Since Feb. 1, D.C.’s bright red and yellow Circulator buses have been free to ride. A sack is slung over the fare box bearing the slogan “Fair Shot”—the name of Mayor Muriel Bowser’s initiative to boost access to public transport. On the Georgetown Circulator, you can get from the Safeway on Wisconsin Ave. to Union Station, and back, for no cost.
A free Circulator has been a significant step forward for accessibility in the city, but the D.C. Council has slashed the program’s funding from the District’s budget, meaning that when a new fiscal year begins on Oct. 1, fares will rise back to $1 per ride. This editorial board believes that the city must keep the Circulator free and that reintroducing fares would deepen inequality in D.C.’s transit system.
The simple logic behind Bowser’s initiative is that everyone has the right to transportation, no matter their income. Rolling back the program would further cut off D.C.’s most vulnerable populations from public transit, which, in our city, is already alarmingly inequitable.
For District residents who can easily foot a $1 fare, free bus service means very little. For those who can’t, it can be a lifeline. “A lot of people applying to jobs in downtown D.C. rely on the Circulator to get there,” Colly Dennis wrote in a June piece in Street Sense, D.C.’s street newspaper serving and advocating for the city’s homeless residents. Dennis urged the Council to keep the buses free.
A free Circulator has made an impact here in Georgetown, too. Our neighborhood lacks a Metro stop, and bus service is spotty. Many staff members and students struggle to afford the commute to and from campus, and the Circulator has helped to alleviate this problem.
Bowser, who promised in March to keep the buses free “indefinitely,” has taken to social media to protest the Council’s decision in recent weeks, sharing touching videos and messages from D.C. residents saying that the free Circulator has helped them get to work, to school, or to homeless shelters.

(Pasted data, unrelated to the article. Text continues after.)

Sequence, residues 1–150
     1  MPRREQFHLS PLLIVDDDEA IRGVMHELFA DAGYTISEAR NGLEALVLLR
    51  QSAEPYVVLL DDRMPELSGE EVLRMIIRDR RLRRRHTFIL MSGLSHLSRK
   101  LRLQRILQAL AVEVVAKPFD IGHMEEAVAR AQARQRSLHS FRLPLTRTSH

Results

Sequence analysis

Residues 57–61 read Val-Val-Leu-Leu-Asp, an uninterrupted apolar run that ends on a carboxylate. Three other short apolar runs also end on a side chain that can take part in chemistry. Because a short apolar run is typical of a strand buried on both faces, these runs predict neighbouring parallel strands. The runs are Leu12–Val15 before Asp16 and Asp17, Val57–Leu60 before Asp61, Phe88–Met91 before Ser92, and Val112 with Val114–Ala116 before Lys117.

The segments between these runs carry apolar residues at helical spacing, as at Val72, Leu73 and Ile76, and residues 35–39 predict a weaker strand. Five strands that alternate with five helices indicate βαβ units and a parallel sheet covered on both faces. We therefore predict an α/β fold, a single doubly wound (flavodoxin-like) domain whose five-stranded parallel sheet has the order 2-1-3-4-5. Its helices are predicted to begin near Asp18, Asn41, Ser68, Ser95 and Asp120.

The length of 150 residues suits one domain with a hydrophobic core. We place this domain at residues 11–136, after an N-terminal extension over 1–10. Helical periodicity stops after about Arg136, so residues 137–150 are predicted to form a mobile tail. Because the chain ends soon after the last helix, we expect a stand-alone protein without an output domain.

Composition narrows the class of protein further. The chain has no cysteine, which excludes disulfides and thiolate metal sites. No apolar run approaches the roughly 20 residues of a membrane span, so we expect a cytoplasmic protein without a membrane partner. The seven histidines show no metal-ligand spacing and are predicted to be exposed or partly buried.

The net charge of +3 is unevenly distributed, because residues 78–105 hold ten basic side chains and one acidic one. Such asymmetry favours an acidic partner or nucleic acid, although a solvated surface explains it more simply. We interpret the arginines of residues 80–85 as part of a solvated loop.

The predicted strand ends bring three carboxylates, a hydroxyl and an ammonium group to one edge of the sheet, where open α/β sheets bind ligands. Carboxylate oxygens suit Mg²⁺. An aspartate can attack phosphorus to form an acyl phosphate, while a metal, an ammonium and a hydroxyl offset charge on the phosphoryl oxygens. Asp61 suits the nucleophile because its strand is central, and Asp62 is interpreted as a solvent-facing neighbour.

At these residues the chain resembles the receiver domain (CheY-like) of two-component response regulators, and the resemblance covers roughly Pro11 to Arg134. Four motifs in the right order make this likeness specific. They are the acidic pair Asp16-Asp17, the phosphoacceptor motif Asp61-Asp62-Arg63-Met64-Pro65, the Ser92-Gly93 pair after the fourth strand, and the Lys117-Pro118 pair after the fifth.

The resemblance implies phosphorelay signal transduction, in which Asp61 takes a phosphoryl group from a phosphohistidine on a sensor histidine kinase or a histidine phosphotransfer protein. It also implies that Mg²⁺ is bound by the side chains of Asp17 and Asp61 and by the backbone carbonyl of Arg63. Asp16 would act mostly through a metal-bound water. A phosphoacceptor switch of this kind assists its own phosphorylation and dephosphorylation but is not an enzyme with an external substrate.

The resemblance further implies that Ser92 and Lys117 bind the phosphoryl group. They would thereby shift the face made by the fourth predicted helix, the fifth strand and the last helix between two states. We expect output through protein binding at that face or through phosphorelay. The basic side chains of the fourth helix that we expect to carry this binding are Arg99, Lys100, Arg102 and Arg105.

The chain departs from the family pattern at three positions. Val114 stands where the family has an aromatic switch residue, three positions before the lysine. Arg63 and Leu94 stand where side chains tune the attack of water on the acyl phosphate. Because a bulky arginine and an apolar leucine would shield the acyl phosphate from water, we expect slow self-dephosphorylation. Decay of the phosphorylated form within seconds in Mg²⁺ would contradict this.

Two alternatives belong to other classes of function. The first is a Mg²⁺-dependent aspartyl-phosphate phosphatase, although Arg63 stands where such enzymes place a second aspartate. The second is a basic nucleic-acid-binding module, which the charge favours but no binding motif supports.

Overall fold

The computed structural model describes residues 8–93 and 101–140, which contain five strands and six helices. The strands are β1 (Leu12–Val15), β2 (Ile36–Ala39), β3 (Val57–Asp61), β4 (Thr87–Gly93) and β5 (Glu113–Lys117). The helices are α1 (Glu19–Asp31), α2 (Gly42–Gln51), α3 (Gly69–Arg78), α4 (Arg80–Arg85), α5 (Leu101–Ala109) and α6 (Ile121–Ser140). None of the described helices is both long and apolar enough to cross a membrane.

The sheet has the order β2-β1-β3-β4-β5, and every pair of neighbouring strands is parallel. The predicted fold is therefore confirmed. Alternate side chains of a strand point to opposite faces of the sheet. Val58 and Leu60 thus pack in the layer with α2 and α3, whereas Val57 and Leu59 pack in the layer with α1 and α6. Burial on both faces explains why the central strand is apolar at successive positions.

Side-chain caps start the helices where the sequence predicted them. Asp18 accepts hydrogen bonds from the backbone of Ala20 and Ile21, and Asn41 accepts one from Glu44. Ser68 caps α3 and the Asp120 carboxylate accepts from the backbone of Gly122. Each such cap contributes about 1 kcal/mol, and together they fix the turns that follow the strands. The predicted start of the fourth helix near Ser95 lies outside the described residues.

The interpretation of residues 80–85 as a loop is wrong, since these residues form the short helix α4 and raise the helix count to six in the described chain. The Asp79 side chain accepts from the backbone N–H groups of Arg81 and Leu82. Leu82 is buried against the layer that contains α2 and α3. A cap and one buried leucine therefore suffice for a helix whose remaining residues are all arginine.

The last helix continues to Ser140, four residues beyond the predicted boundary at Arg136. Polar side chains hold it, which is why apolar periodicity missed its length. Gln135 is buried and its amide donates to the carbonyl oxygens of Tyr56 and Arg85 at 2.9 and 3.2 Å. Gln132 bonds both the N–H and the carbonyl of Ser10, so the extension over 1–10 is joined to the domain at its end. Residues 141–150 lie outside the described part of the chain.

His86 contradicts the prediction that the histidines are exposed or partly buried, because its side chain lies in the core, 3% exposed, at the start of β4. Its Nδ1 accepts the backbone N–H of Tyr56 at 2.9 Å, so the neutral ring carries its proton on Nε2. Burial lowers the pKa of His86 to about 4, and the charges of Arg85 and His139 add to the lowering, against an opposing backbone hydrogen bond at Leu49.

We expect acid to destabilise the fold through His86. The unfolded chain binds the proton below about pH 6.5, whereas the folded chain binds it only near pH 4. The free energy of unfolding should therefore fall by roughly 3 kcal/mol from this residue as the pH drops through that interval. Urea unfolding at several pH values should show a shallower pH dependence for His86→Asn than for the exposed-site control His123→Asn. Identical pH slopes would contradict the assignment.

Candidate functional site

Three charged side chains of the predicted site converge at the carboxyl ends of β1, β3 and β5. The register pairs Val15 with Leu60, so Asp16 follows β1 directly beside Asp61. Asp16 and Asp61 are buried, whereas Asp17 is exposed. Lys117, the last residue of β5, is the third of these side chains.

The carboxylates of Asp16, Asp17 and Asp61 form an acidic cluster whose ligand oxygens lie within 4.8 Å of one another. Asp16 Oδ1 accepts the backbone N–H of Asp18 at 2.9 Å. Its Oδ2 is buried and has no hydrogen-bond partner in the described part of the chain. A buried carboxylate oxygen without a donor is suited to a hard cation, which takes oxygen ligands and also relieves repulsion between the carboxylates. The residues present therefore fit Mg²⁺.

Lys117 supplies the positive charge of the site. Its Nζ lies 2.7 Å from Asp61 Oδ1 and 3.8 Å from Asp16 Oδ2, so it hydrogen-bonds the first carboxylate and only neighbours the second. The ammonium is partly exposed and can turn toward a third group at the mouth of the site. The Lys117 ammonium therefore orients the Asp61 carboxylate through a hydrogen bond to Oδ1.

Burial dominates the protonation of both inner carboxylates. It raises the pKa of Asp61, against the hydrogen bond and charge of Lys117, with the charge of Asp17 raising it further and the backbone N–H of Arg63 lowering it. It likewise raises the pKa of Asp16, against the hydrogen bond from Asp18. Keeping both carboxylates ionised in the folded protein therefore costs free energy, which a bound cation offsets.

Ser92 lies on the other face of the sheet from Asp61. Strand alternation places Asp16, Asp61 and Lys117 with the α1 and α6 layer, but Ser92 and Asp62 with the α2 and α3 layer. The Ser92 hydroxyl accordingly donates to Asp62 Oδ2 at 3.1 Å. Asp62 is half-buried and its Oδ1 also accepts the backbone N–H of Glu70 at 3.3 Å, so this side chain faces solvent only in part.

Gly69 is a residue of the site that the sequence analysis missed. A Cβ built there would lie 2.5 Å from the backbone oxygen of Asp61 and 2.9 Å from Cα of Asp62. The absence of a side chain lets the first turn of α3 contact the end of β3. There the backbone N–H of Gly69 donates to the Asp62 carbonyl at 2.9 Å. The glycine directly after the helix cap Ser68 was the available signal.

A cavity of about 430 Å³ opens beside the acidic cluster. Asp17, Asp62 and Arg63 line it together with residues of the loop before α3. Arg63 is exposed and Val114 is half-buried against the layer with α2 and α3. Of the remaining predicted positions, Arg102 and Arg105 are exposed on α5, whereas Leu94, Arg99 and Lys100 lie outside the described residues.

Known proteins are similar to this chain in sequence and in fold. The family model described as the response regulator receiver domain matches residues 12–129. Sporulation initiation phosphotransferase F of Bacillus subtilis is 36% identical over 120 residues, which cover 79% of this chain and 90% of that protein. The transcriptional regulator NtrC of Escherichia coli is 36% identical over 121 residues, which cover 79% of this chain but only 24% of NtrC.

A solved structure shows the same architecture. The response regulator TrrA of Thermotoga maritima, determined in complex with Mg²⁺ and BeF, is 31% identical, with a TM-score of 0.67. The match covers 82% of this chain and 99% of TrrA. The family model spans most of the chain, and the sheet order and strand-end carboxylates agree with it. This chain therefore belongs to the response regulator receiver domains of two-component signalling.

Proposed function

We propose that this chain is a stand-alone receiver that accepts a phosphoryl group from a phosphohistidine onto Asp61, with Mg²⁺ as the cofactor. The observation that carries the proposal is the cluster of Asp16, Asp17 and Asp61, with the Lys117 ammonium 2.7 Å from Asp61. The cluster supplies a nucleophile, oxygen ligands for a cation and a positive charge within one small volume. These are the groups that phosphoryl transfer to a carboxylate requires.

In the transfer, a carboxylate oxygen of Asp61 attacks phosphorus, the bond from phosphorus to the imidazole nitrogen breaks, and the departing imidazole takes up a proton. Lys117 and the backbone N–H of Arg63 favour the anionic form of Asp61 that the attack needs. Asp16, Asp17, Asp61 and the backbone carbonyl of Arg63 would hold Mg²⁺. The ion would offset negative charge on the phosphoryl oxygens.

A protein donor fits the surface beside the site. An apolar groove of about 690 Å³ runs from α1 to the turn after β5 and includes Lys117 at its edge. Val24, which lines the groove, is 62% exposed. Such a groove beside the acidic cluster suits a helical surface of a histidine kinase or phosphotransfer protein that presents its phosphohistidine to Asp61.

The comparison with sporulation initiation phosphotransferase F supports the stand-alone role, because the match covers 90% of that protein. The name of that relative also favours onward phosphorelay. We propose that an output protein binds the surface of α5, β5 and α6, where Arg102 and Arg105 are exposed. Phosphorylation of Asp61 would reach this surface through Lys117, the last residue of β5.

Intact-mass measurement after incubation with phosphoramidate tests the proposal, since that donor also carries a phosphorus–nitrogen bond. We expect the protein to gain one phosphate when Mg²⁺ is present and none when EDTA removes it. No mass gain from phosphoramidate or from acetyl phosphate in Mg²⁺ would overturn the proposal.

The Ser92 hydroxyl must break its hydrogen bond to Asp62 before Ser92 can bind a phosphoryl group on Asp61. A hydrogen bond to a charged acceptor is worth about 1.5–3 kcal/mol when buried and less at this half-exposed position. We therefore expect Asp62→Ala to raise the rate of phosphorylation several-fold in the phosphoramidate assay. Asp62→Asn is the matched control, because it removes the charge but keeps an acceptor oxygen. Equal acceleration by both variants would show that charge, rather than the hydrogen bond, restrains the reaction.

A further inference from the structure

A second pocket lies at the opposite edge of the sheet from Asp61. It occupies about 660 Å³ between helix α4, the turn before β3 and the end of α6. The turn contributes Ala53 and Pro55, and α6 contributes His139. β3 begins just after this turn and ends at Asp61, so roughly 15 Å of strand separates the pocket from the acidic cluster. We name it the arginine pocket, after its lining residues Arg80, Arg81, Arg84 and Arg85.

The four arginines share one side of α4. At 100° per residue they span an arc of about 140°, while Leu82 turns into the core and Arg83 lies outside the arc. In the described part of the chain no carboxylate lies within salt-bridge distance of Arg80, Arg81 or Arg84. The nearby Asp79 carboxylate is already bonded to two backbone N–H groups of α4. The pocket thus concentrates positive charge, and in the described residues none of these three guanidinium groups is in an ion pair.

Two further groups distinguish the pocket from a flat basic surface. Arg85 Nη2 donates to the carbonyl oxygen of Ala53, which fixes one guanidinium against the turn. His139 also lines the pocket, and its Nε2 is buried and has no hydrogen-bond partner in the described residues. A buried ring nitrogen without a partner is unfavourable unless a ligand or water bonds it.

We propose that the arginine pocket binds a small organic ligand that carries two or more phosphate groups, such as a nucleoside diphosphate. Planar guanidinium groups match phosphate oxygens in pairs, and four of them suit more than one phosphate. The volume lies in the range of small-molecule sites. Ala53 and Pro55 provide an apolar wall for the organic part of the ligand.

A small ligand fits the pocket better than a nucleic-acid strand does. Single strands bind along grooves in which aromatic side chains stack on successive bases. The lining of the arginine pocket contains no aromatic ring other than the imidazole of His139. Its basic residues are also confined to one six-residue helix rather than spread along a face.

Her fight has ignited a profound conversation in the District on public transit, and what an accessible Washington could look like. At least 37 other U.S. cities have removed fares from some part of their public transit, including Baltimore, Boston, and Pittsburgh. Why not D.C.?
The Council’s answer, vaguely, was that there wasn’t enough evidence the program was helping city residents. Yet Circulator ridership rose by 20 percent this March, from 2018.
The cost to keep it free? $3.1 million—pocket change for a city with a $15.5 billion annual budget.
Critics of the initiative have dismissed it as a flimsy publicity stunt that distracts from real reform. Free things, after all, have easy, calculable public appeal. They’re a shortcut to political capital. In a way, Bowser’s free bus rides are the public transit equivalent of your freshman chaplain handing out free muffins. It may feel good in the moment, but long-term issues linger. Her opponents have seized on this framework to scorn the initiative: “D.C. is in urgent need of *quality* public transit, not free public transit,” one disparaging tweet reads.
Others argue that the Circulator does little to benefit D.C.’s most isolated and vulnerable populations, winding through the affluent government and business districts of the city while largely neglecting Wards 7 and 8 (whose median incomes are less than half of Wards 1 and 2). It’s “inequitable,” one critic wrote on Twitter. “Why are we asking D.C. residents to subsidize a tourist’s visit to our city,” another asked.
It is certainly true that the Circulator has a thorny history. The bus system was initially conceived by the city in 1997 as a route to serve visitors traveling downtown. And labor and safety issues have plagued the bus line since its launch in July 2005, as the Amalgamated Transit Union outlined in a 2017 report.
The report says politicians were largely unconcerned by the problems, which included alarming numbers of bus defects. “The decision to run the Circulator in areas with a wealthier, whiter population created a politically influential constituency for the service,” the report says. While we acknowledge that these politics are still at play, most of the Circulator’s riders, it turns out, are not tourists—nor are they particularly wealthy.
A Mineta National Transit Research Consortium survey of Circulator ridership from 2005 to 2012 found that 80 percent of Circulator riders lived in D.C., without much change during peak tourist months. More than a third of riders made less than $20,000 annually, a proportion that’s likely to have risen since fares were removed. Figures on race are more difficult to pin down—they vary wildly from year to year and season to season—but few surveys show a majority white ridership. Clearly, the Circulator does serve D.C. residents, and more importantly, those residents who need low-cost transportation.
We must advocate for affordable, quality transportation that reaches all parts of the city. This editorial board believes that a free Circulator is one key step in making our discriminatory transportation system more equitable. Let’s keep it that way.